Geography[edit]

Kyle of Tongue is situated 8 miles (13 km) east of Loch Eriboll. Its western entrance is between Cnoc Glass and Roan Island; the eastern entrance is between Rosin Island and Neave Island. From Roan Island, the Kyle trends in a south and southwest direction for 7 miles (11 km) to Kinloch. A large portion of it is sandy, with a narrow bar-encumbered channel running through it. The depths range from approximately 18 fathoms west of Roan Island to 5 fathoms in the area 1.5 miles (2.4 km) above where the shallows begin. There is no channel into the Kyle of Tongue along the western shore.[9] Derry (or Loch an Dithreibh) is a lake which empties into the head of the Kyle of Tongue.[10] Strathtongue, a 8 miles (13 km) long stream, runs to the Kyle.[11]

Flora and fauna[edit]

The surrounding hills are characterized by meadows, grasses, and heath. There is moorland between the Kyle and Loch Eriboll.[12] Much of the area is protected as part of the Natura 2000 network, forming part of the Caithness and Sutherland Peatlands, which are protected as both a Special Protection Area and a Special Area of Conservation.[13][14]

Water fauna within the Kyle include salmon and sea trout,[15] whilst whales and otters can be founs at the mouth of the loch.[16] Bird species living in the area include barn swallows, black-headed gulls, ravens, redshanks, wood pigeons, herring gulls, collared doves, curlews, oystercatchers, golden plovers, great black-backed gulls, cormorants, grey herons, greylag geese, house martins, house sparrows, meadow pipits, common gulls, red-throated divers, and rock pigeons.[17] Additionally, a number of raptor species can be found, including golden eagles, hen harriers, merlins and short-eared owls.[13]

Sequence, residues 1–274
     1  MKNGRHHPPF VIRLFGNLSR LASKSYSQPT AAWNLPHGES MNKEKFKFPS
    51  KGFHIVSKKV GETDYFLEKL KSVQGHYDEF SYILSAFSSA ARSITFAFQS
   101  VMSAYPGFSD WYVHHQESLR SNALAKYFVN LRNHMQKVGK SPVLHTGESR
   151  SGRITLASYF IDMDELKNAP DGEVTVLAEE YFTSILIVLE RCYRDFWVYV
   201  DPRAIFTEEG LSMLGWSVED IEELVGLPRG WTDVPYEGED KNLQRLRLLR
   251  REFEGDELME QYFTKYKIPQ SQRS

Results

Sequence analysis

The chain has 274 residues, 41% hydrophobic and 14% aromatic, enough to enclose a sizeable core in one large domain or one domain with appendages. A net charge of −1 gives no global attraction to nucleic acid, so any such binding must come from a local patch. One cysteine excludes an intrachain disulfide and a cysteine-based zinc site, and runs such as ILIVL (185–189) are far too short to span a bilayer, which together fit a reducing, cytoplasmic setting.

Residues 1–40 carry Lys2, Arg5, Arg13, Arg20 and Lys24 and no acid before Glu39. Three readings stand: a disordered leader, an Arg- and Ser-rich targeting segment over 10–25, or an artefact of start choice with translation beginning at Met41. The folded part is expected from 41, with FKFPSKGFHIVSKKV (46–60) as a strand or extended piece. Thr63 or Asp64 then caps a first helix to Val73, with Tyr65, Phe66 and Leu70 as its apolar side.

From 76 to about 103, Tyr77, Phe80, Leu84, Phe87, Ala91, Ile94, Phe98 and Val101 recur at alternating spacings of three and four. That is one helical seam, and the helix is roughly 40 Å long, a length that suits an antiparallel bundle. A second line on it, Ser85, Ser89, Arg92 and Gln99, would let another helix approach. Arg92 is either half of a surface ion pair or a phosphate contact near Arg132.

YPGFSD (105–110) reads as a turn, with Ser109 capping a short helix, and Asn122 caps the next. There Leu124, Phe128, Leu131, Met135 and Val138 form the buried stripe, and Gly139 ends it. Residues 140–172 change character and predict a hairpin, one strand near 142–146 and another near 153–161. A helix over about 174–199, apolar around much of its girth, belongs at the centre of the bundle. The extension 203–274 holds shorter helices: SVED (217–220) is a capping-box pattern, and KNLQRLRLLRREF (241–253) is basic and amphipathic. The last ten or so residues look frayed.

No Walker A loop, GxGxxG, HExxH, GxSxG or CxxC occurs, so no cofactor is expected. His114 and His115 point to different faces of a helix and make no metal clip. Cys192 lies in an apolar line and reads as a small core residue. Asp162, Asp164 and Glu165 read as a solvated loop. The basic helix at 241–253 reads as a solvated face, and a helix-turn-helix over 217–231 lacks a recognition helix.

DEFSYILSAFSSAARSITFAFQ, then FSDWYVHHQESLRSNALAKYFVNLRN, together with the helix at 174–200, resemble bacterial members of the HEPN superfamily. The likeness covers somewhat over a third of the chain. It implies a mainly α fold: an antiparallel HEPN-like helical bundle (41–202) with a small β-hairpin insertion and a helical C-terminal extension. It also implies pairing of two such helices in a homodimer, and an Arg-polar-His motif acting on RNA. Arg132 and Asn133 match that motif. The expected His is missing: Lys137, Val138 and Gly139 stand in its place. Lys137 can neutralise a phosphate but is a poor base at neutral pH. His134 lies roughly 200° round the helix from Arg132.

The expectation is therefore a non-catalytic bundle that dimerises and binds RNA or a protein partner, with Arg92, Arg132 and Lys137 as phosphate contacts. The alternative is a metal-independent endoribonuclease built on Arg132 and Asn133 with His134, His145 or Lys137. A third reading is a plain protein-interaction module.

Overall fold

Land ownership[edit]

Much of the land on the western and southern sides of the Kyle, including the mountains of Ben Hope and Ben Loyal and the former hunting lodge of Kinloch Lodge, belongs to Danish billionaire Anders Holch Povlsen.[18][19][20] The land on the eastern shore forms part of the extensive estates of the Countess of Sutherland, currently Elizabeth Sutherland, 24th Countess of Sutherland.[21]

References[edit]

  1. ^ a b "National Scenic Areas - Maps". SNH. 2010-12-20. Retrieved 2018-03-04.
  2. ^ Smith, Robin; Lawson, Alan (2001). The making of Scotland: a comprehensive guide to the growth of its cities, towns, and villages. Canongate U.S. pp. 904–. ISBN 978-1-84195-170-6. Retrieved 29 December 2011.
  3. ^ "National Scenic Areas". Scottish Natural Heritage. Retrieved 2018-01-17.